Choose "manual partitioning" in the first dialog and you can install Debian
basically anywhere and anyhow you want. If needed you can resize your
existing ext3 partition on hdd, or just create/use other partitions there.

You can even select that existing ext3 partition and use it on some
mountpoint (not / obviously) while keeping data if you want.


Just read all dialogs carefully, especially the confirmation dialogs before
changes are committed. See the installation guide for further info.


Be careful when grub gets installed: make sure it is installed on the disk
and MBR or partition you want.


Cheers,
FJP

Yes, but the problem is that the partition is /dev/hdd, not /dev/hdd1.
The partitioner is incapable of recognizing /dev/hdd as an ext3 volume,
and the install base system refuses to proceed without the partitioner
giving the go-ahead. I can mount the filesystem myself just as the
partitioner would, but I have to have a way to communicate to the
install base system step that tells it to proceed anyway.



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Old 04-20-2008, 12:58 PM
Frans Pop
 
Default Installing testing on a premade volume

No need to CC me; I obviously read the lists (well, one of them anyway).

On Sunday 20 April 2008, John Anthony Kazos Jr. wrote:
> Yes, but the problem is that the partition is /dev/hdd, not /dev/hdd1.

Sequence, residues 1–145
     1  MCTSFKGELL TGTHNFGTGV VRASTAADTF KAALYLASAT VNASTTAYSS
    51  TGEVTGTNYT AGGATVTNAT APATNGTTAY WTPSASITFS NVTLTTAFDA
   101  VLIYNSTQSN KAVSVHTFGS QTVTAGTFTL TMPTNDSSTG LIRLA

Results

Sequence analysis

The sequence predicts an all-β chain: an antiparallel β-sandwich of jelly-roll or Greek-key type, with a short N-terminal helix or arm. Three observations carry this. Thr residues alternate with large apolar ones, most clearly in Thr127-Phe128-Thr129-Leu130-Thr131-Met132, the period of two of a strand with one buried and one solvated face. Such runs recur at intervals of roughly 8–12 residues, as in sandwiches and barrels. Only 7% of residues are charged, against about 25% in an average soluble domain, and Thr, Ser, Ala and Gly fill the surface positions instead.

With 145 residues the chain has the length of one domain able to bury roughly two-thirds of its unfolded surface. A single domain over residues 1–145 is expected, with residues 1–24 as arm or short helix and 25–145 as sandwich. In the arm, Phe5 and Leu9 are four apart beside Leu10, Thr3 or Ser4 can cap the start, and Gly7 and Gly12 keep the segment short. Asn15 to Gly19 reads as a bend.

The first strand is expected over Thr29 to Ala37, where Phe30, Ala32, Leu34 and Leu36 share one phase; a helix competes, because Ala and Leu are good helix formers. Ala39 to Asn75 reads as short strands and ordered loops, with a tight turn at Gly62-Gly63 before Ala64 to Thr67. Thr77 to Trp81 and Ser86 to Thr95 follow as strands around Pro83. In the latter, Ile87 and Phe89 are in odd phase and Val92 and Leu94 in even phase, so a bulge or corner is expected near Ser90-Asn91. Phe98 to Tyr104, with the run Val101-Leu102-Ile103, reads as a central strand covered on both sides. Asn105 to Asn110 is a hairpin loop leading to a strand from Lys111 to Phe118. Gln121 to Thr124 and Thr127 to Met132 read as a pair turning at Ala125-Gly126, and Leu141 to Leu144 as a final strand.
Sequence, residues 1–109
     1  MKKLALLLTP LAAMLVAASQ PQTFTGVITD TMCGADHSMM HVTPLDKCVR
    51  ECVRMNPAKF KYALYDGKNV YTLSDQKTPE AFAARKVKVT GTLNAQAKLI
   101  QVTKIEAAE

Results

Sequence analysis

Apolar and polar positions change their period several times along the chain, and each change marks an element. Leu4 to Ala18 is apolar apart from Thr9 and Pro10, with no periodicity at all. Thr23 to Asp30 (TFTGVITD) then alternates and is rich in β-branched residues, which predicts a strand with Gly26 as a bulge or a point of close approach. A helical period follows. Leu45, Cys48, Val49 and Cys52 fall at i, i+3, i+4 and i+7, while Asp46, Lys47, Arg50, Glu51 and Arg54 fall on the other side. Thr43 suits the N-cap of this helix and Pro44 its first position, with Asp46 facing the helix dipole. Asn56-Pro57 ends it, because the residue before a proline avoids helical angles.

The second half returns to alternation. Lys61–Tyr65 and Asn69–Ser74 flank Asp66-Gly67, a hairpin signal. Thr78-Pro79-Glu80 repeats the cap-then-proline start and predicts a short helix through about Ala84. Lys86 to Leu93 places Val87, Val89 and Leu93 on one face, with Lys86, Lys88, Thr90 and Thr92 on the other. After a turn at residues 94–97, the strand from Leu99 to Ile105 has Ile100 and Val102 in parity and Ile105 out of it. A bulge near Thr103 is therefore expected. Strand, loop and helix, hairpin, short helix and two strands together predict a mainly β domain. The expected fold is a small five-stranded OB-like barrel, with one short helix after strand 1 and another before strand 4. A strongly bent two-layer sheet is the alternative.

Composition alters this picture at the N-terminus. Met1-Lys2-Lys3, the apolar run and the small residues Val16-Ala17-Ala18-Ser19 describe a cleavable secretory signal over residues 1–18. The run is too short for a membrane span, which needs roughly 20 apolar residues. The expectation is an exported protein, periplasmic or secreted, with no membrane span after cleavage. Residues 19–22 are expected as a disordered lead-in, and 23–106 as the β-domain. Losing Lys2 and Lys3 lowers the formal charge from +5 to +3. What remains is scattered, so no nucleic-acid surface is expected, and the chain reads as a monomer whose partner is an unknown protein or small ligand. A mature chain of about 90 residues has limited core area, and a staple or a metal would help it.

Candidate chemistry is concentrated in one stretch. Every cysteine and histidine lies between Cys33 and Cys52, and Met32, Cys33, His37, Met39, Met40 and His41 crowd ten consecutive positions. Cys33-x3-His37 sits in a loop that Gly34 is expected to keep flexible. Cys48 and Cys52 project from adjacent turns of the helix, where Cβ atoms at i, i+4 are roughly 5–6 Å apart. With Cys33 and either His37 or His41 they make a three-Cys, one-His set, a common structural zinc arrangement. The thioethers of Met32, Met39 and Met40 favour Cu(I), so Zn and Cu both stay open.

Sounds to me like a mistake was made when the filesystem was created.
It was apparently created by running 'mkfs -t ext3 /dev/hdd' instead of
'mkfs -t ext3 /dev/hdd1', which probably means that the partition table
information was destroyed.

It also means, if you want to keep the existing data on /dev/hdd, that you
cannot "repartition" that device using partman, nor install Debian to that
drive. You'll have to fix the error first by saving your data somewhere,
create a proper partition table and then copy the data back to a partition.

Maybe it is possible to do all this while keeping the data on hdd, but I
would not bet on it and I certainly don't know how.

> The partitioner is incapable of recognizing /dev/hdd as an ext3 volume,
> and the install base system refuses to proceed without the partitioner
> giving the go-ahead.

That is correct. The installer does not support unpartitioned devices, so
you cannot install Debian to /dev/hdd. Installing Debian to it in the
current situation would destroy the existing data and, as you said you
wanted to keep the data, that seems like a bad move.

Cheers,
FJP